Lindsey German, John Rees, Chris Harman and Paul McGarr,Frederick Engels, International Socialism Special Issue (no 65), December 1994, pp216, £4.50
RELUCTANT AS we are to review journals here, for if we were to set about it seriously they would have to include on a regular basis the Journal of Trotsky Studies, the Cahiers Léon Trotsky, the bulletins of CERMTRI, and the publications of the Centro Pietro Tresso, an exception must surely be made in this case, for this magazine contains far more substantial fare than many full-length books.
Lindsay German undertakes the task of providing an outline of Engels’ life as an introduction to the other essays (pp3-46), and on the whole does it well. From a Trotskyist point of view it is perhaps disappointing that she provides a summary of Engels’ Principles of Communism without pointing out that its main importance for us is that it rules out ‘Socialism in One Country’ as an impossibility from the start (pp13-4). She also continues the SWP’s unfortunate animus against the Independent Labour Party by coyly suggesting that ‘Engels initially welcomed’ it (p43), whereas the facts of the matter are that he welcomed it most enthusiastically, became a card carrying member, and encouraged Aveling to sit on its administrative council. Her manuscript could also have been improved by more careful proofreading, stating as it does that Marx and Engels saw the Paris Commune as ‘a model for a workers’ state’ (p30). In fact, they did not use that term for it (and indeed, to my knowledge rarely ever used it, if at all), and in any case regarded the Commune as far from a model, but a premature venture which they felt they had to support out of solidarity. The discussion of Engels’ sex life (pp24-5) is also carefully phrased in the language of the politically correct, whereas we know from his correspondence with Marx that they had far more robust views on this question than many of their self-styled followers today. But given the range that the writer has to cover, her account is very creditable.
John Rees’ discussion of ‘Engels’ Marxism’ (pp47-82) is very well balanced, though in arguing against the fashionable attempt to drive a wedge between the thought of Engels and that of Marx he is perhaps led to deepen the gulf between Engels and Kautsky far more than is merited by the evidence. No allowance is made for the development of Kautsky’s thought, and we should never forget that the Kautsky of 1890 was not the same as the Kautsky of 1914. In 1905, for example, he was still to the left of Lenin, as Radek’s essay in In Defence of the Russian Revolution clearly shows (pp37-9).
Paul McGarr supplies a brave defence of the much-maligned concept of the Dialectics of Nature (pp143-76), and his remark that ‘dialectics is rather a critique of the limits of formal logic’ (n53, p196) is a welcome one. Although I found this section to be by far the most difficult, I was disappointed not to read more, particularly about the effect of the human agency upon phenomena under observation.
Excellent as these contributions are, the same cannot be said for all of Chris Harman’s piece, which is by far the longest (pp83-142). His remarks about anthropology make excellent reading, and we will all enjoy his spirited demolition of Chris Knight’s absurd views, but he should be discouraged from expressing himself on ancient history, where he is on less firm ground. For example, he describes ancient Egypt and the Maya as ‘societies in which cities do not play the major part’ (p189, n92), which is certainly not true of the Maya, for if ever there was an urban society it was Maya civilisation during its classical period. The population of Tikal in the seventh century AD is estimated at 39 000, and this was only one of dozens of cities. It is even overstated as regards Egypt, for the work done by Barry Kemp has shown that Egypt did not lack substantial urban concentrations. Harman also appears to believe that the first writing developed for keeping accounts was alphabetic (p123), and that he can safely generalise about Egypt from Ptolemaic times (p126), when it was ruled by the successors of Alexander the Great as the last of a series of foreign conquerors going back 700 years. But his grasp of Egyptian affairs is lamentably weak in any case, such as when he dates the end of the Old Kingdom to ‘about 2000 BC’ (p126) or ‘around 1800 BC’ (p128), one estimate being out by about two centuries and the other by four.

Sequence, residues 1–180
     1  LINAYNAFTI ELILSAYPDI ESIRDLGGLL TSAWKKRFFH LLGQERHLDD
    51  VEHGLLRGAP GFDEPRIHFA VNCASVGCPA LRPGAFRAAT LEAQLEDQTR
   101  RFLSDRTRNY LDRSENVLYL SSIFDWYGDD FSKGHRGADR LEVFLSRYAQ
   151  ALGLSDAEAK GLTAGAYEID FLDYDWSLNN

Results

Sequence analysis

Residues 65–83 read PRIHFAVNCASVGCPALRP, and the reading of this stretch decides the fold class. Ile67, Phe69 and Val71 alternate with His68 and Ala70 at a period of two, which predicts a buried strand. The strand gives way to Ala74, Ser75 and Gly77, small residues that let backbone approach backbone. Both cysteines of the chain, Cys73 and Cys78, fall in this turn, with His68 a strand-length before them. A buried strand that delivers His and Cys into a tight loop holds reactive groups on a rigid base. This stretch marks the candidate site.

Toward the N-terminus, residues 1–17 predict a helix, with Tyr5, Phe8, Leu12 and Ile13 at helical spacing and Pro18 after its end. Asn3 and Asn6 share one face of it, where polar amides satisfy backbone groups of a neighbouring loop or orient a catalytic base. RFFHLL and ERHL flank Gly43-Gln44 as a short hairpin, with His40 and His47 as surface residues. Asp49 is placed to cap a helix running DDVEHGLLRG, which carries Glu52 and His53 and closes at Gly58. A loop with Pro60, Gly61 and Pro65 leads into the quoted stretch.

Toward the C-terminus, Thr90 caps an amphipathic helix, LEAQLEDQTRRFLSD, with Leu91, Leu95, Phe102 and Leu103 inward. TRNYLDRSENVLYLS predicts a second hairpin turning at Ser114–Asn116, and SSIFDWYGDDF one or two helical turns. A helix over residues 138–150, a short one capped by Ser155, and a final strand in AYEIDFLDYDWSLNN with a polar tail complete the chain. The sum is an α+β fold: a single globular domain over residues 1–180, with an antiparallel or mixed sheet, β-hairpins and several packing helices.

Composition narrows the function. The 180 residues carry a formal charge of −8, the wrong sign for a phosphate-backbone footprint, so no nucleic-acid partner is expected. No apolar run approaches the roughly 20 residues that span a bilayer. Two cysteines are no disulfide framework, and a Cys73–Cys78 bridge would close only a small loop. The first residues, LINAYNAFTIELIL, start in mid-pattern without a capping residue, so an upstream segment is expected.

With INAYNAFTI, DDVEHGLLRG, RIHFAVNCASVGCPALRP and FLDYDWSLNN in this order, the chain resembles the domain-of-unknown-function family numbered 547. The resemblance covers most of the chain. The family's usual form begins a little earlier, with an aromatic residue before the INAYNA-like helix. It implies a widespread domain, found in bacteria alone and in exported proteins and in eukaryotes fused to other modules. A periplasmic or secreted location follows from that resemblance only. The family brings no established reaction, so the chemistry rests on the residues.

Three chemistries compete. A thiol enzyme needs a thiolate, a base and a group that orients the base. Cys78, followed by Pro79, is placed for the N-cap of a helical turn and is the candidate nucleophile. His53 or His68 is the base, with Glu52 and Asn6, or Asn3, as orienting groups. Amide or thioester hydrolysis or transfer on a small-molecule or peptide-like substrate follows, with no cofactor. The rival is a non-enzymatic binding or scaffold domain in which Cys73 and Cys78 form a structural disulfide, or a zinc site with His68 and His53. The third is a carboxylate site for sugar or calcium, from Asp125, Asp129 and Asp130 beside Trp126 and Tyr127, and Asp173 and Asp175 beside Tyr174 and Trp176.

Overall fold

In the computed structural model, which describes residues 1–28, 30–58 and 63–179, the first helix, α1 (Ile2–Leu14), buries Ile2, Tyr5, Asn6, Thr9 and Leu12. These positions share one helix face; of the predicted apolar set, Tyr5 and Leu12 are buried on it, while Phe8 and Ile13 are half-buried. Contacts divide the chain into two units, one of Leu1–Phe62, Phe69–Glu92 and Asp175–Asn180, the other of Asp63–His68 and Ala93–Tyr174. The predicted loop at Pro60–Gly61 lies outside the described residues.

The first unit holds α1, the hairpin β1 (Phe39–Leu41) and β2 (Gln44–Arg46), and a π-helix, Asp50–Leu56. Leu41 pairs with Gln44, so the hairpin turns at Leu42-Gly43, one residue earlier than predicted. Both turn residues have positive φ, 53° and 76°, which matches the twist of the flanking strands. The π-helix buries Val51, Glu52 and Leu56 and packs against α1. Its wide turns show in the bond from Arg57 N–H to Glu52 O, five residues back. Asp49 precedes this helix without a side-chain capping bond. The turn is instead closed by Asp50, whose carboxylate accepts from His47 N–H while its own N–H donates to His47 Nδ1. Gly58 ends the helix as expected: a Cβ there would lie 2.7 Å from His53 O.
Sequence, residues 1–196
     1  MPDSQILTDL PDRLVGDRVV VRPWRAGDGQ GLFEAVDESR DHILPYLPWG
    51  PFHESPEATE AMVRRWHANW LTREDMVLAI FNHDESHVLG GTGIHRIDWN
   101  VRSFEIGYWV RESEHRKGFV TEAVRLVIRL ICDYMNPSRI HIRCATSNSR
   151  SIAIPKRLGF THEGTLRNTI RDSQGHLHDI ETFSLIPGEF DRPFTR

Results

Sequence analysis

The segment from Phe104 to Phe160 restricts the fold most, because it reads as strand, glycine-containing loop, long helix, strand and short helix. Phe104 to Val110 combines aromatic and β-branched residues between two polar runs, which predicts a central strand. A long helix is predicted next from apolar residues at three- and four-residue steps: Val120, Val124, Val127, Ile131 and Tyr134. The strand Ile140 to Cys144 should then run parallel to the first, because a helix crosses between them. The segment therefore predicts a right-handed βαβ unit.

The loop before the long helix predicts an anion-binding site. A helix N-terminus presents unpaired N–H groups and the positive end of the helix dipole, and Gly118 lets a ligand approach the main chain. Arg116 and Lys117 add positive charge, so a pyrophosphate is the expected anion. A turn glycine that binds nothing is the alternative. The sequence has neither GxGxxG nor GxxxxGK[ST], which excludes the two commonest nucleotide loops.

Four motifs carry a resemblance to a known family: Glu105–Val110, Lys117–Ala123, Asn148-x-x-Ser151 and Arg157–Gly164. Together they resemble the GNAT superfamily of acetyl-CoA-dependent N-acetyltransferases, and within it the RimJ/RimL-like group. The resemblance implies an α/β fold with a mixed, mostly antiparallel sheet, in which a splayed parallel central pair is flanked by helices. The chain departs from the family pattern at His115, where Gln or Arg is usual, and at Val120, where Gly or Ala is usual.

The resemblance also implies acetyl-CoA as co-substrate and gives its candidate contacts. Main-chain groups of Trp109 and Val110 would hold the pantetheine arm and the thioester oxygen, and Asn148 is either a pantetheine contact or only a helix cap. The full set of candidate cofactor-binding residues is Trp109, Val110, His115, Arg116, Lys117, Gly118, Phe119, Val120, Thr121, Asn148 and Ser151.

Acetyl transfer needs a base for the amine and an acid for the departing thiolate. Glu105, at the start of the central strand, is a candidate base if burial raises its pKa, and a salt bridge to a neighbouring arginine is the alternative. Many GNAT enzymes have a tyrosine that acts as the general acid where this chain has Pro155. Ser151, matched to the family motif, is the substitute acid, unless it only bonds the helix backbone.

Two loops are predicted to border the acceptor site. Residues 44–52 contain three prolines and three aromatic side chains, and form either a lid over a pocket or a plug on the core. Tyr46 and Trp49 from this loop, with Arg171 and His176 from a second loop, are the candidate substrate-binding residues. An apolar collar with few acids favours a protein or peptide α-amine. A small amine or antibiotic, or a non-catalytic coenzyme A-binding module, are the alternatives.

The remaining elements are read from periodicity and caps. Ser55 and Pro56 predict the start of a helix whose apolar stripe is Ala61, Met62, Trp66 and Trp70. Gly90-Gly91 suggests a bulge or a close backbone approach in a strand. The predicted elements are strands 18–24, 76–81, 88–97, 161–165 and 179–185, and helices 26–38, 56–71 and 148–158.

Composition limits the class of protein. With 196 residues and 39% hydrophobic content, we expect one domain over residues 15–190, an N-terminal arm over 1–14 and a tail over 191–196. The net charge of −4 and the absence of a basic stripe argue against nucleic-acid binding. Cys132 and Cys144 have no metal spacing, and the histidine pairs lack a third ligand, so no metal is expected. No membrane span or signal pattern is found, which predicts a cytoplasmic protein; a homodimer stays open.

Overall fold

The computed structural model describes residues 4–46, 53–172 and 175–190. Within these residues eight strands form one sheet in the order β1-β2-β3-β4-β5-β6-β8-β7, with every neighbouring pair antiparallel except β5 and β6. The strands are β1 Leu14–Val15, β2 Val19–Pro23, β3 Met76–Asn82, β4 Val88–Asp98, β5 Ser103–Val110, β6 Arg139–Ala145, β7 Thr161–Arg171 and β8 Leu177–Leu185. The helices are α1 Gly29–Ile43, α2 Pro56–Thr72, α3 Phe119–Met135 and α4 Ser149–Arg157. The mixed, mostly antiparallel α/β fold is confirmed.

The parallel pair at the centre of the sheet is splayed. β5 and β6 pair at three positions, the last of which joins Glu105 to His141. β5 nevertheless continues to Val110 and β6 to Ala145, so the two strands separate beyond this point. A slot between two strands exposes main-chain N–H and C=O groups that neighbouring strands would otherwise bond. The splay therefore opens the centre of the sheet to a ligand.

But the main problem with his whole analysis is rather more serious than these mistakes, which after all do not affect the broad lines of the argument. Engels’ real reason for believing in ‘the power of the gens or clan among all existing “primitive societies”’ was not merely ‘a result of the anthropological knowledge of his time’ (p111), but because this ‘knowledge’ — Morgan’s theories — appeared to match what was then known about the early days of classical civilisation, the emergence of Greek society from ‘the Dark Ages’ and the early days of Rome. Obviously, Engels had not the time to follow the progress of the decipherment of Egyptian, Sumerian and Akkadian to learn that these institutions played little part in the earliest civilisations. He was not to know what we have since learned about Mycenaean and Minoan society and from the more recent decipherment of Linear B that the Greek ‘Dark Ages’ were a regression from a more advanced civilisation. Similarly, Ancient Rome was long under the rule of the Etruscans, who appear to have had a two-class system, and the apparently rustic and primitive traits of earliest Rome developed amid the weakening and decay of a far more advanced society.
Obviously these deficiencies do not affect the rest of Harman’s argument, and are certainly not a reason for disregarding this excellent publication. It makes a splendid beginning for the Engels centenary year.